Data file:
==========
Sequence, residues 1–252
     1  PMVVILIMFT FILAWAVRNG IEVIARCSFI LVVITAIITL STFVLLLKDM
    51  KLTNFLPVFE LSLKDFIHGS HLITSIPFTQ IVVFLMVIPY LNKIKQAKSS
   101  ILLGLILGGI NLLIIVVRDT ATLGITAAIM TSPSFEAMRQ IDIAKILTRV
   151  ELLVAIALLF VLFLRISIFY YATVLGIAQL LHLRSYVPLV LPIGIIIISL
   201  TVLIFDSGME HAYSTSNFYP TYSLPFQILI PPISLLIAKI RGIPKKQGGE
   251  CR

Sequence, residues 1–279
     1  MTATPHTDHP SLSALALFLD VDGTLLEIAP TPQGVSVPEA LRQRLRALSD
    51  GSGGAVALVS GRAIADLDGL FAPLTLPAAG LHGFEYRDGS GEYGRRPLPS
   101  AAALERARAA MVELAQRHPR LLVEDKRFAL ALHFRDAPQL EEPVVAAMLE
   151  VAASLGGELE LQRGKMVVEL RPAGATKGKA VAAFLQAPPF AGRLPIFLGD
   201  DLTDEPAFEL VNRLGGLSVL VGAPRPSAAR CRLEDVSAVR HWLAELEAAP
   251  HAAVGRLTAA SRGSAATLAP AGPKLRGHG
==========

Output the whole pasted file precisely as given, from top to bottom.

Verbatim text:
Sequence, residues 1–252
     1  PMVVILIMFT FILAWAVRNG IEVIARCSFI LVVITAIITL STFVLLLKDM
    51  KLTNFLPVFE LSLKDFIHGS HLITSIPFTQ IVVFLMVIPY LNKIKQAKSS
   101  ILLGLILGGI NLLIIVVRDT ATLGITAAIM TSPSFEAMRQ IDIAKILTRV
   151  ELLVAIALLF VLFLRISIFY YATVLGIAQL LHLRSYVPLV LPIGIIIISL
   201  TVLIFDSGME HAYSTSNFYP TYSLPFQILI PPISLLIAKI RGIPKKQGGE
   251  CR

Sequence, residues 1–279
     1  MTATPHTDHP SLSALALFLD VDGTLLEIAP TPQGVSVPEA LRQRLRALSD
    51  GSGGAVALVS GRAIADLDGL FAPLTLPAAG LHGFEYRDGS GEYGRRPLPS
   101  AAALERARAA MVELAQRHPR LLVEDKRFAL ALHFRDAPQL EEPVVAAMLE
   151  VAASLGGELE LQRGKMVVEL RPAGATKGKA VAAFLQAPPF AGRLPIFLGD
   201  DLTDEPAFEL VNRLGGLSVL VGAPRPSAAR CRLEDVSAVR HWLAELEAAP
   251  HAAVGRLTAA SRGSAATLAP AGPKLRGHG